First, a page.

Over $1 Billion in Crypto Assets Now Locked and Vested by TrustSwap Clients



Warren Buffett Poised to Weigh In on How Berkshire Fares Post-Pandemic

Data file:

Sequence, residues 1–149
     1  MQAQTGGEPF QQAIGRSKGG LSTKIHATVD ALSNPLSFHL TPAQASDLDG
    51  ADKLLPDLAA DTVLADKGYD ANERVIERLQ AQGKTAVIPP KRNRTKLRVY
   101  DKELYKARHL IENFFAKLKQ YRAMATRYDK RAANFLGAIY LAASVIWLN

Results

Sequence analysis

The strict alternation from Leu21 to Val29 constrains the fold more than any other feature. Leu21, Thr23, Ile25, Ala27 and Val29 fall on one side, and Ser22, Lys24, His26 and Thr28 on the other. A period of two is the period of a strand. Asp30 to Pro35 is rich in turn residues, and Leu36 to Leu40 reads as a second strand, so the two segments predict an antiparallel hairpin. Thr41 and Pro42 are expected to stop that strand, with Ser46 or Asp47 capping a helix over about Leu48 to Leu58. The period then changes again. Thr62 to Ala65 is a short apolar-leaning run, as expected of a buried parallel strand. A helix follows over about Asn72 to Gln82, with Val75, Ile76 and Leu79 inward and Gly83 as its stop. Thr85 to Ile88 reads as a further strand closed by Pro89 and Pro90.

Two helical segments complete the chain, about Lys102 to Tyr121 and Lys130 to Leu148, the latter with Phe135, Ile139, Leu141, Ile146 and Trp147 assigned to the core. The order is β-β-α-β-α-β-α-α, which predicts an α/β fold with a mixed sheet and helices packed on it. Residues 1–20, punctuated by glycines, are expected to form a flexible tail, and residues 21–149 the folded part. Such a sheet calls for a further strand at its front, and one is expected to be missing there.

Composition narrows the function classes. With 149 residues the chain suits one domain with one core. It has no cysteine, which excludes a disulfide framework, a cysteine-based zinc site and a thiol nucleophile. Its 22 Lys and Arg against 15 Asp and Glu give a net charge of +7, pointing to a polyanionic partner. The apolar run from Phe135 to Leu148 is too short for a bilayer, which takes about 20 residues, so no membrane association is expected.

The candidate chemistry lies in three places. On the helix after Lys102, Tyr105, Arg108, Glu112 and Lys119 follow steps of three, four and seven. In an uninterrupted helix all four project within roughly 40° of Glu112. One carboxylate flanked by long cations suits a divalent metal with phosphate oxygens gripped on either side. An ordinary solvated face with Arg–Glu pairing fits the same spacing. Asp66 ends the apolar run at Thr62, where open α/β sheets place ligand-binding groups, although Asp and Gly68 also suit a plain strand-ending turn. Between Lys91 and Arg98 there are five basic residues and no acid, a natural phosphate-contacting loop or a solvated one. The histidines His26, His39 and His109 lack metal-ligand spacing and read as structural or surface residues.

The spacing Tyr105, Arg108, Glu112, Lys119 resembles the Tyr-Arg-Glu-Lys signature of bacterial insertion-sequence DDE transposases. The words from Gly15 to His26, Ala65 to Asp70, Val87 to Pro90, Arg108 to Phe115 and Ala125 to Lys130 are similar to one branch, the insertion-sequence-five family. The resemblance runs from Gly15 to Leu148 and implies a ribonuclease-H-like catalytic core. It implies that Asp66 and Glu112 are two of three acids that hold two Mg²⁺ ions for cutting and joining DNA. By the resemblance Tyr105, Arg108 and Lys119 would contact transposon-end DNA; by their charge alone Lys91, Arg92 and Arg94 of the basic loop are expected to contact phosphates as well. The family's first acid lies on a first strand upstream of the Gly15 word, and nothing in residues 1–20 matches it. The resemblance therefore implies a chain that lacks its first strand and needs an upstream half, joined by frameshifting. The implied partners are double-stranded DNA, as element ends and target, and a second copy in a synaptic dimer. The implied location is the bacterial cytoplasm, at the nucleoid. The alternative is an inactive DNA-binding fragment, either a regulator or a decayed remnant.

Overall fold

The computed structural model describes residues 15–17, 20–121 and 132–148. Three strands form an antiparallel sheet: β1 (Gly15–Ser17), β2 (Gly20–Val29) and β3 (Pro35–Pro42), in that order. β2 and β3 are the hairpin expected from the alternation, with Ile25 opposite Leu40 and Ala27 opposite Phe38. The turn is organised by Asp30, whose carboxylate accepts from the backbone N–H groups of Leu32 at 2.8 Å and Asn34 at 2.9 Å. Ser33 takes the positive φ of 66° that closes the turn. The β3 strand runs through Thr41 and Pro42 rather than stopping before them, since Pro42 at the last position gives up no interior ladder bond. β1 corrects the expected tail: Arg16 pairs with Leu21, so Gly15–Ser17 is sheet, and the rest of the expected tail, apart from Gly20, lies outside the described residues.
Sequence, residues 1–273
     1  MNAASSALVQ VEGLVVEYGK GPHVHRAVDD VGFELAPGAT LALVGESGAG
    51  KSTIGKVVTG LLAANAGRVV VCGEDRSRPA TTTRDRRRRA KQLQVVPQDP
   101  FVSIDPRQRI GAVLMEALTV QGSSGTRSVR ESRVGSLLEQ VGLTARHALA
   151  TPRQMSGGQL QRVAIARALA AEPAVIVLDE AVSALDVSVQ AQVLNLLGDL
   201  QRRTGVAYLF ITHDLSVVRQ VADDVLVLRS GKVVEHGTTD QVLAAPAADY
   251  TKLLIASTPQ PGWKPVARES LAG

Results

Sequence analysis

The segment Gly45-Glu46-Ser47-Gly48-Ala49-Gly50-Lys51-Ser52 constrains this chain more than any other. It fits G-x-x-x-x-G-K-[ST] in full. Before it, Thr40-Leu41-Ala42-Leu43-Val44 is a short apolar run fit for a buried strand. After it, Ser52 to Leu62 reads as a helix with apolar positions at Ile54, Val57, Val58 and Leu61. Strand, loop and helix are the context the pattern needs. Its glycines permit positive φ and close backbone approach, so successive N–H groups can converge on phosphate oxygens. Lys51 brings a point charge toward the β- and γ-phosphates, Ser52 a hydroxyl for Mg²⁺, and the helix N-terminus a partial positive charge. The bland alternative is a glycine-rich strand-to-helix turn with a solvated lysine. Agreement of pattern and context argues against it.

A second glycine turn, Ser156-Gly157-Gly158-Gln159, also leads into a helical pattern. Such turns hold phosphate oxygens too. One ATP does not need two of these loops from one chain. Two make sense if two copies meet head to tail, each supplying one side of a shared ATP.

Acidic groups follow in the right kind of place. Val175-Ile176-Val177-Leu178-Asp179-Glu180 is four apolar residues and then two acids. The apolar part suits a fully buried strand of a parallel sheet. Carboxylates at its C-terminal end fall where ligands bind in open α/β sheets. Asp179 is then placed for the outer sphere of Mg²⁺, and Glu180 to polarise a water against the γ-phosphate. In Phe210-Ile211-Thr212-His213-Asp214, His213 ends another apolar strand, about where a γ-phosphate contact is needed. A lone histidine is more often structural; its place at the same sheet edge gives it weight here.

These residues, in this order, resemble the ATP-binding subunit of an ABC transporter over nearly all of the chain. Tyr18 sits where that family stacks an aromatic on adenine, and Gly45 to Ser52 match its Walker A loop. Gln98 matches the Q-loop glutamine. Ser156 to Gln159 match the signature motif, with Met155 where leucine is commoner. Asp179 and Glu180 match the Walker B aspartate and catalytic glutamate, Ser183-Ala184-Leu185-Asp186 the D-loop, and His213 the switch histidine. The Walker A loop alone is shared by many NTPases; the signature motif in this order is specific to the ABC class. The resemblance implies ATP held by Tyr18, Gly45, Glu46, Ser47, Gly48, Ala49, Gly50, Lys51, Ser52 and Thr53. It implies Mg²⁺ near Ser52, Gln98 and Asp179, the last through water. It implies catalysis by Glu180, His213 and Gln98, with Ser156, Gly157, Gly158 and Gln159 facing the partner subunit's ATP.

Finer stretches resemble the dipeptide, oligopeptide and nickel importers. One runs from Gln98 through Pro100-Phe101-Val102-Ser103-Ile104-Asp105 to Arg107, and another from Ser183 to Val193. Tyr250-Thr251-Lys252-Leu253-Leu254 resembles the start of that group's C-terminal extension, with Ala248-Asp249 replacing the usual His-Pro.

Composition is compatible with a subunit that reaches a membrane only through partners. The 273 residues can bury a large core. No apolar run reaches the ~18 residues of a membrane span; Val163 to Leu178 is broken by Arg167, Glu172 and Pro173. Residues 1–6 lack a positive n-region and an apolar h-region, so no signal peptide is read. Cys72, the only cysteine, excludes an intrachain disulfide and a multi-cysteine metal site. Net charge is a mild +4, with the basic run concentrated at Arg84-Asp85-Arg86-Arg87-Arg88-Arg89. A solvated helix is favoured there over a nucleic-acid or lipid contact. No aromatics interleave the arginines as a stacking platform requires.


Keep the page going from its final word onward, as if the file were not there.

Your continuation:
(Bloomberg) — A year after Warren Buffett revealed he was unloading airline stocks as the pandemic took hold, Berkshire Hathaway Inc. shareholders are eager for his sense of what’s next for the conglomerate with more Americans emerging from lockdown.On Saturday, Berkshire’s chief executive officer will address shareholders via video-conference to conform with health guidelines, scrapping for a second year an arena event in Omaha, Nebraska, that typically attracted thousands of adoring fans. He’ll likely recount how the global crisis took a toll on some of the company’s wide-ranging businesses while bolstering some others.Investors will seek insights into the pulse of the U.S. economy from Buffett, whose company owns the BNSF railroad and has a stake in truck stop chain Pilot Travel Centers.“The first thing we’re going to be looking for is a demeanor on his part that should reflect a greater degree of confidence and visibility on the impact of the pandemic,” Cathy Seifert, an analyst at CFRA Research, said in an interview. At last year’s meeting, when uncertainty continued to plague businesses and markets, Seifert “had the sense that he was truly frightened,” she said.A representative for Berkshire declined to comment ahead of the meeting.Last year’s event was a modest affair with Buffett striking a subdued tone amid uncertainty from the pandemic, as he sat spaced apart on stage from his deputy Greg Abel. Buffett, 90, moved the meeting to Los Angeles this year, where his longtime business partner and Berkshire vice chairman Charlie Munger, who is 97, lives.While the billionaire investor could offer a unique perspective on how the economy is faring, investors have been largely in the dark recently about how he views the fallout from the Covid-19 crisis. His 15-page annual letter in February mentioned the pandemic only once: One of his furniture companies had to close for a time because of the virus, the billionaire noted on page nine.But some of his other businesses also felt the strain. The pandemic weighed on sales for retailers such as See’s Candies and party-goods supplier Oriental Trading Co. Precision Castparts, a maker of aerospace and energy industry equipment, was largely behind the $11 billion writedown Berkshire took last year when the virus slashed demand for flights. But Geico reported lower losses as shutdowns decreased the level of driving across the U.S. Kitchen-supply seller Pampered Chef posted higher earnings in 2020.“There’s a lot of opportunity for him to probably share some really interesting insights into the pandemic,” Jim Shanahan, an analyst at Edward D. Jones & Co., said in an interview. “He could probably talk about parts of the country that have had more robust recoveries to this point and parts of the country that are lagging in a way that some executives can’t do.”Whatever the commentary he delivers,…

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